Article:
This post submitted by Mack:
A recent post on Facebook from a former colleague brought back a flood of memories. In the attic, I have a couple of foot lockers full of gear. One is from the days when I wore the Boy Scout khaki as a professional. One is from my days as a cadet of the Eagle Battalion. And one is full of my for real, no shit, door kicking, life taking, beer drinking, coffee making, Army days.
And strangely, it is mostly full of what some would consider junk. But to me, they are things I couldn’t quite bear to part with after I was medically retired. That footlocker has my tactical talismans.
I’m a lapsed Methodist, me and the Lord got some issues I never worked out with the Padre. But, when I got my jump wings, my adopted little sister gave me a St. Michael medal. I wore it on my dog tag chain for a while. And after I nearly lost it on an FTX, I wrapped a piece of 1000 MPH tape around it to one of my tags.
There are also a handful of name strips. Some are the old OD green, some are ACU, and some are multi cam. All are simply stenciled “A POS”, my blood type. I would affix a blood type name strip to every piece of gear I could. Doc once told me it never saved time, but, and big but here, that guys who had it prominently marked seemed to fair better upon traumatic injury. Sort of hot wiring the brain into self preservation.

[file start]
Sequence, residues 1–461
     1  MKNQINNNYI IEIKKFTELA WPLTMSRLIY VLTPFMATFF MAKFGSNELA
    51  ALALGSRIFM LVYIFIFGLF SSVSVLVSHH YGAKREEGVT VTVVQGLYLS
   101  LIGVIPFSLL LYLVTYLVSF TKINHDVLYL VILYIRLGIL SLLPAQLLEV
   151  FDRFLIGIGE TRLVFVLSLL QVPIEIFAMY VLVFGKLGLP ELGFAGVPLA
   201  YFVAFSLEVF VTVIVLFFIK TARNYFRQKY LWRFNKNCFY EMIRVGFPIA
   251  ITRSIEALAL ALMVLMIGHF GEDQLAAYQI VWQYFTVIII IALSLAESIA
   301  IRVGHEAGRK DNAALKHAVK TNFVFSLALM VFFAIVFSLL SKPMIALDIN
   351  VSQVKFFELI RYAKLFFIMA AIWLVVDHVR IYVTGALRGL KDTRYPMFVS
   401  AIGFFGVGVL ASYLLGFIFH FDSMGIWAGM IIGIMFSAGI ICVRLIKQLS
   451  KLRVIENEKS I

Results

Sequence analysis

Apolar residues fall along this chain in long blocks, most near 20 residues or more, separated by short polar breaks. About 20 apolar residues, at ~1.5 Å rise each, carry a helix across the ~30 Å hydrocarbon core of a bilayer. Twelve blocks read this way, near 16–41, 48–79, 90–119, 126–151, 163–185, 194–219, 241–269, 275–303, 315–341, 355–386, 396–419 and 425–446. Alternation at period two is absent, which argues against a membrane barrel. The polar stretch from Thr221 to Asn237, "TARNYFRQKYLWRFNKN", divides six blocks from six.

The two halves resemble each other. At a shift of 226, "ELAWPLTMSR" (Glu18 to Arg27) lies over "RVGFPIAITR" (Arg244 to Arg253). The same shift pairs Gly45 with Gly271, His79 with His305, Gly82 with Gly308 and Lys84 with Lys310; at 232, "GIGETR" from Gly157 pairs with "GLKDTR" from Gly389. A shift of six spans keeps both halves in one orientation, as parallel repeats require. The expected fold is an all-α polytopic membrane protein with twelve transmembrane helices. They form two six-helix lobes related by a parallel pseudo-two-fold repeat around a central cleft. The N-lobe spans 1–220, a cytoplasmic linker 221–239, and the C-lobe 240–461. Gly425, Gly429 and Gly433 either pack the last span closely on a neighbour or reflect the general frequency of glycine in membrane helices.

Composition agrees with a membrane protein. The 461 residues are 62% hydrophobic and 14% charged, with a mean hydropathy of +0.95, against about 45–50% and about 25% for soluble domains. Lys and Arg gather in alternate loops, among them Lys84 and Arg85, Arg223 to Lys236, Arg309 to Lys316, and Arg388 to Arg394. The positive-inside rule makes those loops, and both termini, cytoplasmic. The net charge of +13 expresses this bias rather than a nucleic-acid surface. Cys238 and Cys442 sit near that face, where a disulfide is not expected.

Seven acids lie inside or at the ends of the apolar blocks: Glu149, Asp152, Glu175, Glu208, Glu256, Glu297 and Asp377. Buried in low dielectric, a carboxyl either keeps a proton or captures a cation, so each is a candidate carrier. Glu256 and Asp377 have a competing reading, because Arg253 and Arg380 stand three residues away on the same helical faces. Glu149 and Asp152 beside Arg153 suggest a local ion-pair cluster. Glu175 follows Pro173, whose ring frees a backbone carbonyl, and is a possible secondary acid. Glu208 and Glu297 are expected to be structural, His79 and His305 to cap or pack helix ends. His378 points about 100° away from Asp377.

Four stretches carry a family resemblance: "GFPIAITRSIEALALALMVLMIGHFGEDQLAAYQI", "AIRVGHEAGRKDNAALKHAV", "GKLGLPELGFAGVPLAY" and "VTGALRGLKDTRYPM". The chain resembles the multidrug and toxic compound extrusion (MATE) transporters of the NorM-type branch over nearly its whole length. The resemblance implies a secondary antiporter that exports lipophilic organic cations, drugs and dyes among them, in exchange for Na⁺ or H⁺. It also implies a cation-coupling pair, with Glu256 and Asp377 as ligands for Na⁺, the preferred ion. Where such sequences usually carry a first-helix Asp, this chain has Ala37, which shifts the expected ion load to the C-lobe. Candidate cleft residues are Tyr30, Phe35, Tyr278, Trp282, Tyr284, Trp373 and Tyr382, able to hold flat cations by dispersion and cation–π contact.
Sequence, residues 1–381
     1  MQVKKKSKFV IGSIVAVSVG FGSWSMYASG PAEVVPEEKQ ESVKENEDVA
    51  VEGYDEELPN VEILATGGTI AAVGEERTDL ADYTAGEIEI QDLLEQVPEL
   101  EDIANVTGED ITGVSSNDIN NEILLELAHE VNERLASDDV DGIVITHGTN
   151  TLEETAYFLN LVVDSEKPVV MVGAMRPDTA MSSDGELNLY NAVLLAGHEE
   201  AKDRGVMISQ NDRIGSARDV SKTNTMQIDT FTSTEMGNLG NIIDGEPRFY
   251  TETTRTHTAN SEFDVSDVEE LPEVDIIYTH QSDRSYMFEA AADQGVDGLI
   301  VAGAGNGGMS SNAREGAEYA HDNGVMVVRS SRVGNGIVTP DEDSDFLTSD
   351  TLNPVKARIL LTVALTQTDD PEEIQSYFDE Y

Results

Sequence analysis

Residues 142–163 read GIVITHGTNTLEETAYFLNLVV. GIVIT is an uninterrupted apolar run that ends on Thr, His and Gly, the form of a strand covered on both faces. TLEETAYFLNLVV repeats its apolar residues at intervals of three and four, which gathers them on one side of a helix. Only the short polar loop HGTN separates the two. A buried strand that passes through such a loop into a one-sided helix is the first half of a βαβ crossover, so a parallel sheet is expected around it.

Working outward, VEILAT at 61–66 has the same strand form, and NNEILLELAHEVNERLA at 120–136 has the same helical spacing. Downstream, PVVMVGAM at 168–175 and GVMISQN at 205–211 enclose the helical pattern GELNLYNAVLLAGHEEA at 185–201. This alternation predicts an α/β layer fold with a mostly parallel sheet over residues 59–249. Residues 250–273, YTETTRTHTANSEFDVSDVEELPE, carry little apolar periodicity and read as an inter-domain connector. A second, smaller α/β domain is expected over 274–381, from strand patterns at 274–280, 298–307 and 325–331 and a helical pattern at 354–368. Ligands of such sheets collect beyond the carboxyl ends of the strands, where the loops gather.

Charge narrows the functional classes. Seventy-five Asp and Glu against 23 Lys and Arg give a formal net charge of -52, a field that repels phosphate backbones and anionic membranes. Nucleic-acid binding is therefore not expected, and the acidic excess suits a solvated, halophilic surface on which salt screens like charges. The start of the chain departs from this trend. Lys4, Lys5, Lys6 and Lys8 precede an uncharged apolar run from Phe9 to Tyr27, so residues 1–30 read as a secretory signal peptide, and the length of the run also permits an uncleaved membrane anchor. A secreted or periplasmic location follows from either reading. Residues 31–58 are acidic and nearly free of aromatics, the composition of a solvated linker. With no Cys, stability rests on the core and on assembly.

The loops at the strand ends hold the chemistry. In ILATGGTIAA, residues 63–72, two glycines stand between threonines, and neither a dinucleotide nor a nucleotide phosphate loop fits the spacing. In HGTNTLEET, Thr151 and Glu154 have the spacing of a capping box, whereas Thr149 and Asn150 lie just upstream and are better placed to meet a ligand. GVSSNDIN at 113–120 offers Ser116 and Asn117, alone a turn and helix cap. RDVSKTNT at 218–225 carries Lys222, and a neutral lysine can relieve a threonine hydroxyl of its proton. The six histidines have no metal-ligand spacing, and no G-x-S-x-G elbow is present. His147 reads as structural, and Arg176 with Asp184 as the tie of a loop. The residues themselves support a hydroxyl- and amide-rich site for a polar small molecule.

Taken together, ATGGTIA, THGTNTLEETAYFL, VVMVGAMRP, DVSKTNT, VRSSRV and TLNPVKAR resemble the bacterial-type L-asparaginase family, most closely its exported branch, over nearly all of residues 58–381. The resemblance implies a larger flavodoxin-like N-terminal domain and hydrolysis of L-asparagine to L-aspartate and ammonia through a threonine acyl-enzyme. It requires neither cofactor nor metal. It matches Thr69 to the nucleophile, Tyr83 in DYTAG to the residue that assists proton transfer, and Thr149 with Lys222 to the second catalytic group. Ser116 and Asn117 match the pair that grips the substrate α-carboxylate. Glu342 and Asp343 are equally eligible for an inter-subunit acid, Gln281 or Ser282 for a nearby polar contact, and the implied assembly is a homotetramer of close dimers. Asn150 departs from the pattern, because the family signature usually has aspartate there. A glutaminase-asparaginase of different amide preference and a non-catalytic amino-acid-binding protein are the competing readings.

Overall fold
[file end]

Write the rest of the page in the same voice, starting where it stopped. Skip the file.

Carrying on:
I kept a loaded M-9 magazine, a MecGar one that I privately purchased, in the back pocket of my pants. That mag came home with me. That was my last ditch ammo.
One red and one black grease pencil. The Benning School for Wayward Boys impressed upon the need for a grease pencil.
Three old bandages. I had a fear that I was gonna have to watch one my guys bleed out due to lack of bandages. I hold on these because they work in a pinch and I never had to use one. I hope to stay that lucky.
A genuine USMC issue Ka-Bar fighting knife in leather sheath. I got a cousin who flew Harriers in the Marines. He’s kinda a prick. But he gave me that after his tour as a FAC. Said he hoped I never needed it.
And, lastly, I have a nearly destroyed Ranger handbook. I’d read it sometimes when I felt especially apprehensive. It brought back memories of instructors who seemed to know no fear. Who would have insisted that if you followed the plan to the letter, trained hard, thought ahead, and acted decisively, everything would be okay.